Sounds of silence

Paul Simon crooned about the “sound of silence”—a concept I was pondering the other night as the frogs behind my house sent their glorious music in my open window.
I decided there really is no such thing as silence, or maybe it is silence that lets us listen or hear.
Even when the world is extremely quiet, we still can hear the blood in our ears, the beating of our heart.
The ceiling fan is spinning over my head at this moment, its gentle rhythm calming and cooling. The refrigerator is humming, the clock ticking.
All these sounds form the soundtrack of my existence—a unique collection of whines and ticks and tocks and whistles. The sounds of your soundtrack are yours alone.
The frogs sing and serenade, and I wonder if the frogs know each other’s voices. “There goes Emmett again,” one frog might say to another. “Same old tune.”
There is a power that comes with recognizing sound, as if each of us has our own data bank of images that are triggered by certain sounds. All mothers know the sound of their infants be they foals or penguins or babies; they are connected by their own special sound.
The sound of frogs is a direct link to my childhood, as is a bawling cow or calf or a horse’s whinny or the chiggity-chug of my dad’s John Deere 70 and the pop of the hand-clutch and the clang of the trip bucket.
They are the sounds that fill my repertoire of comfortable familiarity; the sound that makes me pause and exhale.
A slamming screen door takes me to Reef Point at my aunt’s cabin and I instantly listen for the pounding of bare feet down to the lake. Sheets snapping on the clothesline, straining almost to come free, conjure up my mother, her hair in a red bandana, singing as she anchors the sheets on the wind.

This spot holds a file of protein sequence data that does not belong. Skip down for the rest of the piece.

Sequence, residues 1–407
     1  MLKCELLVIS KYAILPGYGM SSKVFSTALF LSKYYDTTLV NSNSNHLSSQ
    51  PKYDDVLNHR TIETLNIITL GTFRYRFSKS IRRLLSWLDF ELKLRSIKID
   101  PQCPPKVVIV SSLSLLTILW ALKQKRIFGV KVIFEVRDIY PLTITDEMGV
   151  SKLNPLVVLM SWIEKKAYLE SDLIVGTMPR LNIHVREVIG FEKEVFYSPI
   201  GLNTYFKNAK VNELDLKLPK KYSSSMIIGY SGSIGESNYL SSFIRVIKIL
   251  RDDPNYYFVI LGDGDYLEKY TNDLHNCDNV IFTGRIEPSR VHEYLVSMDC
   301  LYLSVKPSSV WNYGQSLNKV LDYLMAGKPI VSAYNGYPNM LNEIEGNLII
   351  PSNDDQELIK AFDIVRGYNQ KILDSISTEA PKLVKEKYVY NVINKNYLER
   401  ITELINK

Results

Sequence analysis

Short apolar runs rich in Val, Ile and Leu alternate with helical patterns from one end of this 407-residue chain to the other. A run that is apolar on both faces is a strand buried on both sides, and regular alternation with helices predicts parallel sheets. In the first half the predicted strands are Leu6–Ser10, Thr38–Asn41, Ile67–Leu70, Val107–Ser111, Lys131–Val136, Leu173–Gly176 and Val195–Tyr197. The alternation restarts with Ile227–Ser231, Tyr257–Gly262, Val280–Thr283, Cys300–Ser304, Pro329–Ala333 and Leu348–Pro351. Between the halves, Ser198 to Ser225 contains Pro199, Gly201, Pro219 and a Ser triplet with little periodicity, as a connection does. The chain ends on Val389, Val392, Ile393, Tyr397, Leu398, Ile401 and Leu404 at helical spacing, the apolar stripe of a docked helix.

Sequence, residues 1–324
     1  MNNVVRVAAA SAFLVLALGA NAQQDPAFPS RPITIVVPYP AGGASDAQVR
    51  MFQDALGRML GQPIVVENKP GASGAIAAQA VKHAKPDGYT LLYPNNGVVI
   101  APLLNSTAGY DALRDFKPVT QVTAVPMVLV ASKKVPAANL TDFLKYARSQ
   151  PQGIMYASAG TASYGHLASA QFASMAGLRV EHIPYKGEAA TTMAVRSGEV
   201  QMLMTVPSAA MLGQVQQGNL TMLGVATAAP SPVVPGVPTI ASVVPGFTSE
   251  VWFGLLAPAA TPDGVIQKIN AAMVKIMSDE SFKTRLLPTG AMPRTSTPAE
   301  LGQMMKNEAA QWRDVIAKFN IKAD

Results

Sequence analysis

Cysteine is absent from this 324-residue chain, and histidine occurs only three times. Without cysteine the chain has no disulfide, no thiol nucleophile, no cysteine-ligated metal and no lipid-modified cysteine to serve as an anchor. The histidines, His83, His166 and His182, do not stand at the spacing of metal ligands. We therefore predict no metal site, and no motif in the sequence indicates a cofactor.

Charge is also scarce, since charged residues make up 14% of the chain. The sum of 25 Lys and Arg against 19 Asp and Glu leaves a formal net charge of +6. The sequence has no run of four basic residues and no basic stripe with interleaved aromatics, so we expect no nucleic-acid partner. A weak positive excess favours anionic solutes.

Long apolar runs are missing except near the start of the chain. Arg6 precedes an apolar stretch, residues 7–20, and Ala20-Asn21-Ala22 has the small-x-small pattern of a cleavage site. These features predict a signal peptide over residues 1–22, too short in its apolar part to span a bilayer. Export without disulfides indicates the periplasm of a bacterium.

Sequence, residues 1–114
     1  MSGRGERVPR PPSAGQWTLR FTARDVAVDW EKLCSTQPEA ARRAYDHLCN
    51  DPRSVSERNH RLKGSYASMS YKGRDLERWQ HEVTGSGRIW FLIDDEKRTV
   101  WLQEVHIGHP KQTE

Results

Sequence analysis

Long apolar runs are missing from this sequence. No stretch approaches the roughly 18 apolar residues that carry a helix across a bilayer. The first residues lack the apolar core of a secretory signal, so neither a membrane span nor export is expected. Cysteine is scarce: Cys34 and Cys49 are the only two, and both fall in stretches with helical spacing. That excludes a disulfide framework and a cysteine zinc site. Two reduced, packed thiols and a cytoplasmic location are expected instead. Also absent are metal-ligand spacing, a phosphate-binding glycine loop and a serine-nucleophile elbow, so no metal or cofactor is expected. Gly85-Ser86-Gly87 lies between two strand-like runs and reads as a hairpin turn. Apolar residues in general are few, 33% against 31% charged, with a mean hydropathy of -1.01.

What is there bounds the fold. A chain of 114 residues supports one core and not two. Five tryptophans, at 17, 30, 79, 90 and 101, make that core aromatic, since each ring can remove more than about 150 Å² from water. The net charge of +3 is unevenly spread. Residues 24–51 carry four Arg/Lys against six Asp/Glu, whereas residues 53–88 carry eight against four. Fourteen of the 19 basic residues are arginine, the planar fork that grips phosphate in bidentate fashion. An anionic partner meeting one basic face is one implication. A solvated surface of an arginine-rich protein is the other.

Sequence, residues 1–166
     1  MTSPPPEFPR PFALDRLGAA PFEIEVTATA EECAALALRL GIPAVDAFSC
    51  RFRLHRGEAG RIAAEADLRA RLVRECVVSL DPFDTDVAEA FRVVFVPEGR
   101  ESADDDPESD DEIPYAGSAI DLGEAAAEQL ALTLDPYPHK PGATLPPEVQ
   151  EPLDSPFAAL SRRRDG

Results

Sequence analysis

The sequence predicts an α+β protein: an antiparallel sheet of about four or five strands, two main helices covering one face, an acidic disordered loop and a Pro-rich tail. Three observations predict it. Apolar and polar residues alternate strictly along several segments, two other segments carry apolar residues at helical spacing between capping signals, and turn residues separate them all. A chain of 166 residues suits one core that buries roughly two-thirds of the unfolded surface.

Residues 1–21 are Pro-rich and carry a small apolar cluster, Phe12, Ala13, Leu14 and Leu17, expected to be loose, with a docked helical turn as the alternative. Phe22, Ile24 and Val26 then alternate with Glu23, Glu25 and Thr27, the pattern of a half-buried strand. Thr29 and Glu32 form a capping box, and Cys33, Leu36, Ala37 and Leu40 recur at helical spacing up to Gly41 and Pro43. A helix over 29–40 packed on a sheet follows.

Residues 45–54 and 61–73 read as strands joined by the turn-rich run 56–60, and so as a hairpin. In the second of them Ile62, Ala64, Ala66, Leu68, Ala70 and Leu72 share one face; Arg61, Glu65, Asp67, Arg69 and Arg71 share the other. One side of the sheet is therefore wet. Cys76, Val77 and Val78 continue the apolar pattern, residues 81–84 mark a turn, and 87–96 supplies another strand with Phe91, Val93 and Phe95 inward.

The sound of my dad’s foot on the wooden steps leading to the second floor of our farm house tell me his state of mind, the sound of weariness, of disappointment or joy.
It was all there in the sound that echoed from his shoes up the staircase to me.
On my recent visit home to Fort Frances, I heard floatplanes taking off from Rainy Lake. There is nothing like that sound to mark the beginning of fishing season.
There was a time when I knew the difference between the sound of the Beaver and the Twin-Beech and the Cessna 206, when I could hear the whine and wait for the plane to come into view—a personal bet with myself to see if my guess was right.
But no other floatplane had a more magnificent rumble than the mighty Norseman. She leaned back on her floats and growled deeply until she could level off on the water and lift off, suddenly weightless and graceful.
CF-BSB, with her white belly and black wings and red trim, had a particularly delicious growl and you could hear her voice echo across the bay right into downtown Fort Frances.
I loved that sound, and imagined the green-eyed pilot with the very white teeth at the controls, happy beyond happy to be flying her.
The clickety-clack of the freight train is a nuisance to some and a melody to others. My family did a train trip west when I was 10 and I remember the rhythmic jiggle in the sleeping berth with my sister as we made up songs using the train’s clickety-clack as our percussion.
The sound of horses’ hooves pounding on the packed mud made the earth seem hollow. The sound of my baby sucking on her thumb as she drifted off to sleep comforted me. The squeak of the rusty swing whining in rhythm to the tiny legs pumping higher and higher made me smile.
It is music, beautiful music, the sounds of my life. I wonder what the sounds of your life are when silence allows you to hear them.

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